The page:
PRAYER REQUESTS

Names will remain of the Prayer List for a month - at which

time it will be taken off unless, or course, there is still a continued need

for our prayers and we’re asked to keep the name on.

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ANNOUNCEMENTS

 

***Thank you to all of the volunteers (and those purchasing food) who made the fund-raising booth a success at the Scandinavian Festival! 

 

***The deadline to submit information for the August Church Mouse is Monday, July 25th

 

*** Pastor Ivy and Ray Gauvin have a new year-round mailing address:  P. O. Box 43, Bemus Point, NY  14712 

 

***You are invited to attend the service of ordination for Tara Lamont Eastman, marking her journey in becoming a pastor of the Evangelical Lutheran Church in America.  The service takes place in her home church, First Lutheran Church, 120 Chandler St., Jamestown on Saturday, July 30, 2016.  Worship begins at 2:00 pm.  A light reception will follow the service in the parlors of First Lutheran Church and is hosted by Tree of Life Parish.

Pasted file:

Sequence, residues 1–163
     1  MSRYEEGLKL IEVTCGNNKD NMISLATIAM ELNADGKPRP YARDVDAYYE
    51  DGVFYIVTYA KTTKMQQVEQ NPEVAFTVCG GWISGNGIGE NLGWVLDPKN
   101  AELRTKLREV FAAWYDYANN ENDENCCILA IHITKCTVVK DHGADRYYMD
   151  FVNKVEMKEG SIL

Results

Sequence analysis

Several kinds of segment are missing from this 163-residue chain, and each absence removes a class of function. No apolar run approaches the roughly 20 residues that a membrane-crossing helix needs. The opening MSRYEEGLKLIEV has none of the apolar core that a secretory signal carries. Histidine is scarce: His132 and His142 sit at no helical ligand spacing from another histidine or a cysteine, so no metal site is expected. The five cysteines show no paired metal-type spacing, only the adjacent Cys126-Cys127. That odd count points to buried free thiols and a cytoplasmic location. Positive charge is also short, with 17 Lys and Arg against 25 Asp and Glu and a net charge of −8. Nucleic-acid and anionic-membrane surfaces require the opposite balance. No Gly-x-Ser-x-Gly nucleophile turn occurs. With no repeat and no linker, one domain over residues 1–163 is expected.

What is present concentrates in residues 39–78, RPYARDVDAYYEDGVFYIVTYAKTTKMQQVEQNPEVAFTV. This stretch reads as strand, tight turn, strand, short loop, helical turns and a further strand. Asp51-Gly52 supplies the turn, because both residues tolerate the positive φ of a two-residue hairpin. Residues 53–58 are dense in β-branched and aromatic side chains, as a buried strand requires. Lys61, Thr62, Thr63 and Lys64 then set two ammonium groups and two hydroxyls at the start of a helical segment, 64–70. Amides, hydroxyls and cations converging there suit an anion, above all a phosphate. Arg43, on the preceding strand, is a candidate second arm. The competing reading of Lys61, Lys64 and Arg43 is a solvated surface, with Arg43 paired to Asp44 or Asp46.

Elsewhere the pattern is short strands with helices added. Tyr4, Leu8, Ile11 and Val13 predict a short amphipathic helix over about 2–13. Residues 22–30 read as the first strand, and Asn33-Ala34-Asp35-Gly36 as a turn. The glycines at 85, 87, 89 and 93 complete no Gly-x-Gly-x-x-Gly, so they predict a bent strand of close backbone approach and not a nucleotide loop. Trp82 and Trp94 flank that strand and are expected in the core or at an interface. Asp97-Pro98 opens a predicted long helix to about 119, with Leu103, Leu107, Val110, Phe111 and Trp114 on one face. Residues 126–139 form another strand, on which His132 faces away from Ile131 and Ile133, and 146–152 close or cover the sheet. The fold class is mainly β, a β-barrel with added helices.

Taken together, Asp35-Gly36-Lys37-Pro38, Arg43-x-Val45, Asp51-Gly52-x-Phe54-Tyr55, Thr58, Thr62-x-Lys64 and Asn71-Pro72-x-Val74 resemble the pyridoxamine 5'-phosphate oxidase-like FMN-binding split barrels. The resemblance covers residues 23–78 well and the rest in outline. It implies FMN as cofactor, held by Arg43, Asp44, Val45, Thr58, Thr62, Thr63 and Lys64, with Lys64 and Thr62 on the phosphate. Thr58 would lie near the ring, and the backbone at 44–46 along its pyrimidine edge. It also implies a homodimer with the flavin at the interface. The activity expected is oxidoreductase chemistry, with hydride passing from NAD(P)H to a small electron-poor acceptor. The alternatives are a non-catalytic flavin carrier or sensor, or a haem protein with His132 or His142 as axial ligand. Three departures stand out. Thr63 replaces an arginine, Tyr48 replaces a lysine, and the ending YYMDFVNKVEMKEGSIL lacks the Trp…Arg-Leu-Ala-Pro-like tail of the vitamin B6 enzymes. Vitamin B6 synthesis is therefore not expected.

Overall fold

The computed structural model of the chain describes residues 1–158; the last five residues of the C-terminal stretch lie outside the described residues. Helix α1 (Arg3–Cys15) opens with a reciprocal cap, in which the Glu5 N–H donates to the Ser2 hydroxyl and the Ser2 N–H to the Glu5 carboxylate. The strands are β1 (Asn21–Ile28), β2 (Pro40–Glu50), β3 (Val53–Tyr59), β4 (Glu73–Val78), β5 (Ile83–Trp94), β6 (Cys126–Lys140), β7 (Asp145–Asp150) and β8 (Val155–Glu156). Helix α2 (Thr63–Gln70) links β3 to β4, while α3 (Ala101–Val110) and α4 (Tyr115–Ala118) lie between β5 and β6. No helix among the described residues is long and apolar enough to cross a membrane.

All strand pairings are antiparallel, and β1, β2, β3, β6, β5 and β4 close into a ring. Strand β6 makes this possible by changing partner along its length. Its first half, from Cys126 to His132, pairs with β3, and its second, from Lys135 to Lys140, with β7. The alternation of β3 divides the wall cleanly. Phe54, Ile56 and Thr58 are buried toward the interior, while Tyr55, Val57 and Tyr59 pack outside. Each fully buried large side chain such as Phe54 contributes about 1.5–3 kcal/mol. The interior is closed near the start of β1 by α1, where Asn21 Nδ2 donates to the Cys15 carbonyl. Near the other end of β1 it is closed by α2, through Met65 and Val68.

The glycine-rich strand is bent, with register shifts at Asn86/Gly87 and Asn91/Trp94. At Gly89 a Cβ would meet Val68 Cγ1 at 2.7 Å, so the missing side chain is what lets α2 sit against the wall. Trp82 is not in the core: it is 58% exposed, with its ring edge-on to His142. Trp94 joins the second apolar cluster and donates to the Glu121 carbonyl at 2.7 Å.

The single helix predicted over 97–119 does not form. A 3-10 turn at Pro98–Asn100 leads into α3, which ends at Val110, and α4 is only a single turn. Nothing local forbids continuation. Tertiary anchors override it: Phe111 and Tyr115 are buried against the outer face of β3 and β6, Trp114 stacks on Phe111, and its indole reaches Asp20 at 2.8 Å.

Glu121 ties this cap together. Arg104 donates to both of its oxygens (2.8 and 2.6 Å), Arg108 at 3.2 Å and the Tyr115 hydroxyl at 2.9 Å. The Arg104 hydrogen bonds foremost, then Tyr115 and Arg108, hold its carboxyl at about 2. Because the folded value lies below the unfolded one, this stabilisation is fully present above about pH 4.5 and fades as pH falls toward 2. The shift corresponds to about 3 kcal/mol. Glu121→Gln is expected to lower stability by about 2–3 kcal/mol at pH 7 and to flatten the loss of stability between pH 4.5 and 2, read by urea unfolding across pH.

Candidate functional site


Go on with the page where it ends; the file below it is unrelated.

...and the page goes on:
***The Hope Fest will be held in downtown Jamestown on Third St. between N. Main and Pine on Saturday, July 30th from 12 pm-9 pm.  This is a free day with family activities, kids games, music, food (suggested donations) and a lot of hope!  Their theme verse is Psalm 31:24, “Be strong, and let your heart take courage, all who wait for the Lord.”  All donations raised will go to benefit the domestic abuse shelter.


 

***A young Christian artist will present the evening concert at Chautauqua on Friday, July 29:

 

   “Britt Nicole comes to shine on the Emerging Artist Series, and your church is invited! Youth groups and congregations are encouraged to join in this inspirational evening at Chautauqua Institution.